This article was written by Olga Mack and Katia Bloom, originally published on Above the Law.
We once attended an event at a well-respected private university, well-known for attracting directors who serve on corporate boards. Attempting to break the ice, the moderator made two jokes.
The first joke was an innocent attempt to make fun of a rival school, a well-respected public university. The moderator subtly suggested that this public university doesn’t produce enough graduates who serve on boards of directors. One of us happens to be proud graduate of this public university.
The second joke was an innocent attempt at a classic “lawyer joke.” The moderator alleged that lawyers lack leadership ability and can’t effectively step into a board of director role. Obviously, we are both lawyers and disagree.
As the crowd chuckled, we thought to ourselves, What’s next — a joke about women directors? Then we’d be completely and categorically excluded in just three jokes!
We don’t tell this story because we were offended. After all, we have practiced law for over a decade now. We have heard an (unhealthy) dose of lawyer jokes of all kinds and have developed thick skins.
We tell this story because we think that categorically excluding lawyers from board service is an outdated practice. Some of the brightest business minds we know belong to lawyers. In fact, an increasing number of former and current general counsels serve on the boards of directors for both private and public companies.
- Belinda J. Johnson, the chief business affairs and legal officer at Airbnb, serves as a director for PayPal (PYPL: NASDAQ). She has been lauded as “Airbnb’s Sheryl Sandberg.” According to many, she is highly experienced in working with regulators, building Internet-based companies, and expanding business globally. She is credited with creating a “social movement” at Airbnb “to connect strangers and foster cultural belonging.” Her business savvy is legendary and she is well-known as the “de-facto number two” at Airbnb.
- Erika Rottenberg, the former general counsel of LinkedIn, serves on the board of directors for both Wix.com (WIX: NASDAQ) and Twilio (TWLO: NYSE). According to Twilio’s website, Rottenberg brings “extensive experience as a global operational technology executive and General Counsel at leading, fast-growing, disruptive technology companies with global scale.” She also brings substantial experience and expertise “in privacy, cybersecurity, intellectual property, policy, M&A and corporate governance.”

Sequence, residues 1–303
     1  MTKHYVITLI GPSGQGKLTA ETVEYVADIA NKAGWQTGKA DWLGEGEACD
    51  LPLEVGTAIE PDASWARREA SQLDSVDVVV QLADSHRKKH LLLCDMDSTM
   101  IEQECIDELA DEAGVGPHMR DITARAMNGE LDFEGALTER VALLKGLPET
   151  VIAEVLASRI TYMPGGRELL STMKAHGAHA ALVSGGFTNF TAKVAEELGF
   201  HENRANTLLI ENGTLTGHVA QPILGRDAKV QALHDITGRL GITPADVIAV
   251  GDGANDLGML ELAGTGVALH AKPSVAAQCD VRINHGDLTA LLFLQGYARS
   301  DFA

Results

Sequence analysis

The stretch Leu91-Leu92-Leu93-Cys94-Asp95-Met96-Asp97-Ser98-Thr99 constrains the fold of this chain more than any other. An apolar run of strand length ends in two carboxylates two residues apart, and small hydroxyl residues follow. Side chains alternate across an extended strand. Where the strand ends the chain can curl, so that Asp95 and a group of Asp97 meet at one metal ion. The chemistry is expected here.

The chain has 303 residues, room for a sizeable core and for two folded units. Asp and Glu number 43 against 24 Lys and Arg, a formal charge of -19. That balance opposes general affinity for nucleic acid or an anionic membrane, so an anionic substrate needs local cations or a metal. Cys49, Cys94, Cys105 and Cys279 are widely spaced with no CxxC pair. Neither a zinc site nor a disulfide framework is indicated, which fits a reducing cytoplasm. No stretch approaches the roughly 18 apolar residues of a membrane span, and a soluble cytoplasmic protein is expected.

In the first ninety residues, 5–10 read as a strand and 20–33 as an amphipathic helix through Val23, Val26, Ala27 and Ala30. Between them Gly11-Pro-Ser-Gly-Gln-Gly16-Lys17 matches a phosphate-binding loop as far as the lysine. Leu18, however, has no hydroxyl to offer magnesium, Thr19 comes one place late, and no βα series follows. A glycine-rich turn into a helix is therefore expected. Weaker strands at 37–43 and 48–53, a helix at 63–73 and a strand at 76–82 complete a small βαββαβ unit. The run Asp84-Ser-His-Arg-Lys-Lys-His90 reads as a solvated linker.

- Alexa King, who is currently general counsel at FireEye and was the former general counsel at Aruba Networks, serves on the board of Vocera Communications (VCRA: NYSE). King is an invaluable asset to the company’s board. She is naturally collaborative, well-versed in advising on rapid growth, and an expert on corporate, compliance, governance, and compensation issues. In addition, one of the hottest topics today is data security, as companies (and their boards) are working overtime to figure out breach-proof cyber security. King is uniquely positioned as a business expert in this subject.
- Michelle Wilson, the former general counsel of Amazon, serves as a director of Zendesk (NYSE: ZEN), Okta and Pinterest. She held numerous senior executive legal and business roles at Amazon, including general counsel and head of human resources. She also led numerous operating and strategic decisions across the company. Wilson acutely understands growth cycles, leads fearlessly, and has great business judgment. As Wilson explains, “All companies go through this cycle of getting messy, and then buttoning up the details, and then getting messy again.” She adds, “One key is using good judgment about what needs to be fixed now and what can wait. There are also milestones when things really need to get buttoned up, like an IPO. But it’s not bad to be messy. If things are too clean, it likely means the company is not pushing or growing fast enough.”
As shown by these four board members — all lawyers, all women, and many from public universities — categorically excluding any group from board service or questioning their ability to serve on a board is simply outdated and inaccurate. They also demonstrate that the type of experience lawyers gain at companies make them highly-valuable assets to a company and its board. We think that any boards looking to add highly-skilled directors should network with lawyers because they belong on boards, not in punchlines!